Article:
Term 7
GHS distribution option3.0
Language course3.0
Science elective3.0
Free elective3.0
GHS concentration required course3.0
 Term Credits15.0
Term 8
Language course3.0
GST 200+ level course3.0
Free electives6.0
GHS distribution option3.0
 Term Credits15.0
Term 9
GHS distribution options6.0
Language course3.0
Free elective3.0
GHS concentration required course3.0
 Term Credits15.0
Term 10
UNIV H201Looking Forward: Academics and Careers1.0
GHS concentration required course3.0
GHS distribution option3.0
Language course3.0
Free electives6.0
 Term Credits16.0
Term 11
GST 359Culture and Values3.0
GHS distribution option3.0
Free electives6.0
 Term Credits12.0
Term 12
GHS distribution option3.0
Free electives9.0
 Term Credits12.0
Total Credit: 180.0

Global Justice and Human Rights Concentration

Term 1Credits
ENGL 101Composition and Rhetoric I: Inquiry and Exploratory Research3.0
MATH 101Introduction to Analysis I4.0
GST 101Becoming Global – Language and Cultural Context3.0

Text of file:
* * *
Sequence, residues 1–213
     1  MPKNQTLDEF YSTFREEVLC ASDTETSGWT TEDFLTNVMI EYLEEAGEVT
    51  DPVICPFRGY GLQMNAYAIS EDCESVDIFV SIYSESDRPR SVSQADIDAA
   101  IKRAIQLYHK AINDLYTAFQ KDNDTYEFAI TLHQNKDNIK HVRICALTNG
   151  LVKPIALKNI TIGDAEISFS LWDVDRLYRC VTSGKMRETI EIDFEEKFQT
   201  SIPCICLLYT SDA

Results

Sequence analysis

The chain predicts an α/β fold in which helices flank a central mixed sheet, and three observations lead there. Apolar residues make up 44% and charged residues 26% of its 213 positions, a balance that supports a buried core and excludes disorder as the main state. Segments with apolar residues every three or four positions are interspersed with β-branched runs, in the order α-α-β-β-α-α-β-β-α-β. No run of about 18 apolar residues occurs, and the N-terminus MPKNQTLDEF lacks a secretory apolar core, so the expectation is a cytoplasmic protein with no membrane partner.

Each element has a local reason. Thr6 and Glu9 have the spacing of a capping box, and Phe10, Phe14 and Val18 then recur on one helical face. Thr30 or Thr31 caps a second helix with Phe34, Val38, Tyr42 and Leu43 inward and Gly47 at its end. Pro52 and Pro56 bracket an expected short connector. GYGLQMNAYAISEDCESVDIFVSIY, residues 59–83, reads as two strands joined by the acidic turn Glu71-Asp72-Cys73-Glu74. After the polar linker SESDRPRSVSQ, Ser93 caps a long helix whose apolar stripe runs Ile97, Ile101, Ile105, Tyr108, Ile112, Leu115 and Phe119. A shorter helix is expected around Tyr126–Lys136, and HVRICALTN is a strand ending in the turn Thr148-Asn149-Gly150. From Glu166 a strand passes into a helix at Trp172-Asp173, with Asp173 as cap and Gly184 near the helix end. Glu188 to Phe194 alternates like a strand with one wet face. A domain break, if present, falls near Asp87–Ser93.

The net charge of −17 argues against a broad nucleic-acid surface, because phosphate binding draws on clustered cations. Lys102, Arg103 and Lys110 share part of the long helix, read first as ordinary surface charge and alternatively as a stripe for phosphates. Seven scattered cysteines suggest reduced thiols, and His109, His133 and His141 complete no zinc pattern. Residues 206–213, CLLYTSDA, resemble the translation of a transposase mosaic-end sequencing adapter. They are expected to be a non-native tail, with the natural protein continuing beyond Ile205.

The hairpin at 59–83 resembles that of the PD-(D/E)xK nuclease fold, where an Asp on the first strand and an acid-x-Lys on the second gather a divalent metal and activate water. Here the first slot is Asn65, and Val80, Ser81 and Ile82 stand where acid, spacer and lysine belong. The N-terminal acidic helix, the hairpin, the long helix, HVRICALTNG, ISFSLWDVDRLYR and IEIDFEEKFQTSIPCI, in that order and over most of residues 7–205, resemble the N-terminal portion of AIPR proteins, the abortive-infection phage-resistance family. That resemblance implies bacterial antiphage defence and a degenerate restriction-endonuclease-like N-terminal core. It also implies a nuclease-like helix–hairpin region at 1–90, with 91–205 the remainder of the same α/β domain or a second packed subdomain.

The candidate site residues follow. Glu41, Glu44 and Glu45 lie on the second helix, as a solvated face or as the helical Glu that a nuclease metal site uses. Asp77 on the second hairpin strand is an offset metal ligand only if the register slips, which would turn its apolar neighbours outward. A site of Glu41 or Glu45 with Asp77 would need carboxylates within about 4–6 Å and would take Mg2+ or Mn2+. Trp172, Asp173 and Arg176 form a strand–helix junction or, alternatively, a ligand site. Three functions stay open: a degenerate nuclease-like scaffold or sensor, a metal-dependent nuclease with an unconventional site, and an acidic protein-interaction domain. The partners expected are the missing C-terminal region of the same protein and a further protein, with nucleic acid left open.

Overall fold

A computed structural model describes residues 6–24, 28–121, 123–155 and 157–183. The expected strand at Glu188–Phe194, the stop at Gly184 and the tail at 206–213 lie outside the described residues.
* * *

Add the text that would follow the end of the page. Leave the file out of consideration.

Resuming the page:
UNIV H101The Drexel Experience1.0
Language course4.0
 Term Credits15.0
Term 2
ENGL 102Composition and Rhetoric II: Advanced Research and Evidence-Based Writing3.0
MATH 102Introduction to Analysis II4.0
Language course4.0
GST 102Introduction to Global Studies3.0
 Term Credits14.0
Term 3
CIVC 101Introduction to Civic Engagement1.0
ECON 201Principles of Microeconomics4.0
ENGL 103Composition and Rhetoric III: Themes and Genres3.0
Language course4.0
Free elective3.0
 Term Credits15.0
Term 4
ECON 202Principles of Macroeconomics4.0
Language course4.0
JHR Distribution course3.0